Block on Trump's Asylum Ban Upheld by Supreme Court
Earlier this year, Utah became one of the many states to allow political party candidates for office to be selected by way of a "direct primary" system. This system is already in existence in many states, but it's a change for Utah, which left up to the parties the method by which it chose nominees. Typically, Utah used neighborhood caucuses to find candidates. The winners of caucuses would then be nominated (or not) at the party's statewide convention.
The Republican Party in Utah (well, some of its members, anyway) didn't like this very much and decided to sue the governor, alleging that the new legislation dilutes the ability of a political party to select its own candidates and unconstitutionally places control of selecting the party's candidate in the hands of the state, not the party.
The state Republican Party objected on the ground that the law supersedes the party's own internal rules for selecting candidates. For one thing, it claims in the lawsuit, a candidate could claim to be affiliated with the Republican Party even if he or she wasn't actually endorsed by that party. Whoever wins a party's primary election is necessarily that party's nominee, whether or not the party actually wants that person as its nominee.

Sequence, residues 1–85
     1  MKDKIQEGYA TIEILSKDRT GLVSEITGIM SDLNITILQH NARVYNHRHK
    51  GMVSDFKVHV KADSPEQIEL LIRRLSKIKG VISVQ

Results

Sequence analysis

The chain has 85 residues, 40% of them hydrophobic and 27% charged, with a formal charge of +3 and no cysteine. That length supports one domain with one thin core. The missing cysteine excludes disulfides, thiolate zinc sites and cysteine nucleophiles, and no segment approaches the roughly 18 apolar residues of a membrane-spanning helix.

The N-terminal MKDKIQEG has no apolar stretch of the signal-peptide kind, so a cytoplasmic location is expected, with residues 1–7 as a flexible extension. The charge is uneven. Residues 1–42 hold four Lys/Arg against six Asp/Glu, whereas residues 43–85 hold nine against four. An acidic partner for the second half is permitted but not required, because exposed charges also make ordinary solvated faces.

The law also forces parties to comply with the direct primary system by preventing a caucus-nominated candidate from being described with a political party affiliation on the general election ballot. If a candidate is selected by primary, then that candidate is allowed to mention his or her party affiliation on the general election ballot.
While the U.S. Supreme Court has guaranteed freedom of expressive association, the jury is out -- sort of literally -- on whether state regulation of elections to this degree is unconstitutional. For example, in 2007, the Fourth Circuit Court of Appeals held unconstitutional a Virginia law mandating open primaries (primaries in which anyone can vote for any candidate, regardless of the voter's registered political party) as violative of that freedom of expressive association. That opinion, however, was limited only to the facts of Virginia's situation.
On the flip side, in 1986, the U.S. Supreme Court invalidated a Connecticut law purporting to require voters in a party primary to be members of that party. The Court said it wasn't permissible for the state to tell political parties how their primaries could operate beyond regulating their "time, place, and manner."
In this case, however, Utah has essentially told political parties that if it doesn't use party primaries, its candidates will be relegated to an "unaffiliated" third column on the general election ballot. And if it does use party primaries, then Utah has also prescribed that the party really doesn't have a say in who its nominee will be.
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